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Canadian Museum of Nature / Musée canadien de la nature

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(12.12.2001 , Canada, Ottawa )
Lichens of North America: New Book Puts the Spotlight on Lichens

OTTAWA, October 23, 2001

The Canadian Museum of Nature is pleased to announce the publication of a monumental new guidebook to lichens, one of nature's least known, yet abundant, colourful and important groups of organisms. Lichens of North America, which took eight years to complete, is an up-to-date and accessible compendium, written for the layperson and professional alike. It's illustrated with more than 900 stunning, colour photographs and published by Yale University Press in collaboration with Nature.

This work culminates a 40-year scientific career for principal author Dr. Irwin Brodo, researcher emeritus with the Nature and a world authority on lichens and their biology. It illustrates 805 lichen species found in North America, and discusses 700 more, representing the most noteworthy of the 3,600 species known to exist on the continent.

"As a part of nature, lichens seem to have everything going for them," says Brodo. "They are colourful, varied, can be found in winter and summer, occur almost everywhere except in cities and are often easy to recognize. Because they prefer unpolluted landscapes, lichens are the essence of wildness. And, yet, few people know about, or care about them."

The real merit of this book is the marriage of text with photos. Brodo began work on Lichens of North America in 1993, a few years after the idea for a book crystallized with co-authors and nature photographers Stephen Sharnoff and Sylvia Duran Sharnoff. This husband and wife team spent almost four years criss-crossing the continent in their van and photographing lichens in all their natural habitats. Their photos provide a visual counterpoint to the text, a chance to appreciate the beauty of lichens with evocative names such as powder-foot British soldier, crowned pixie cup, organ pipe and moonglow.

Lichens are a unique form of plant life -- a symbiosis that is part alga and part fungus. They form the predominant ground cover for the boreal forest region that stretches from Newfoundland to Alaska.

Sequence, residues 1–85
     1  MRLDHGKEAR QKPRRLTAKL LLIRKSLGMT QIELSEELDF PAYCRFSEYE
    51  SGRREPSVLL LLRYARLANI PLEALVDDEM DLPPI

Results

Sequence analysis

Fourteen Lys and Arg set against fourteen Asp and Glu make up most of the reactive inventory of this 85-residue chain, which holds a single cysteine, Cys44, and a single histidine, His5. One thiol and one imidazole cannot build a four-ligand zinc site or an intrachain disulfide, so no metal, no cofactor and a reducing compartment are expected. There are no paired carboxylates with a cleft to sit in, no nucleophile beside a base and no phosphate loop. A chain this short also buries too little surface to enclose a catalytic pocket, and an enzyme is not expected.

Lichens are the basic food for caribou and provide the nesting materials for numerous birds and mammals. As well, lichens can be considered "nature's pioneers", since they help to break down rock over time, thereby providing new soil and nitrogen for plants and other organisms. People have also made good use of lichens. They have been used as food, medicines, dyes and for clothing material.

Scientists monitor lichen distribution and growth as early warning signallers of deteriorating air quality and pollution.

Brodo joined the National Museum of Natural Science (Nature's precursor) in 1965 as curator of lichens, shortly after completing his doctorate at Michigan State University. He formally retired from Nature in 2000, but continues to share his knowledge and expertise as a research scientist emeritus.

During his 35 years at the Museum he pursued research on North American lichens, collecting and identifying new species on field expeditions, especially in the lichen-rich Queen Charlotte Islands off the coast of British Columbia. In so doing, he added thousands of specimens to our national collection.

Stephen Sharnoff is and Sylvia Duran Sharnoff was a researchassociate at the Missouri Botanical Garden. Stephen is a carpenter by trade, but joined his wife Sylvia as a nature photographer in the 1970s. Together, they began specializing in photographs of lichens. They have published articles in National Geographic, Smithsonian, Discovery and the New York Times, among other publications. Sylvia died in 1998 after a struggle with cancer, just as Lichens of North America was taking its final form.

"Sylvia was the original inspiration for doing this book, and her contributions are incalculable. We hope that this book will be a lasting tribute to her efforts," adds Brodo.

To find out more about Lichens of North America and to see some of its photographs, visit

The book can be purchased through the online catalogue of the Canadian Museum of Nature at

Media information:
Dan Smythe
Senior Media Relations Officer

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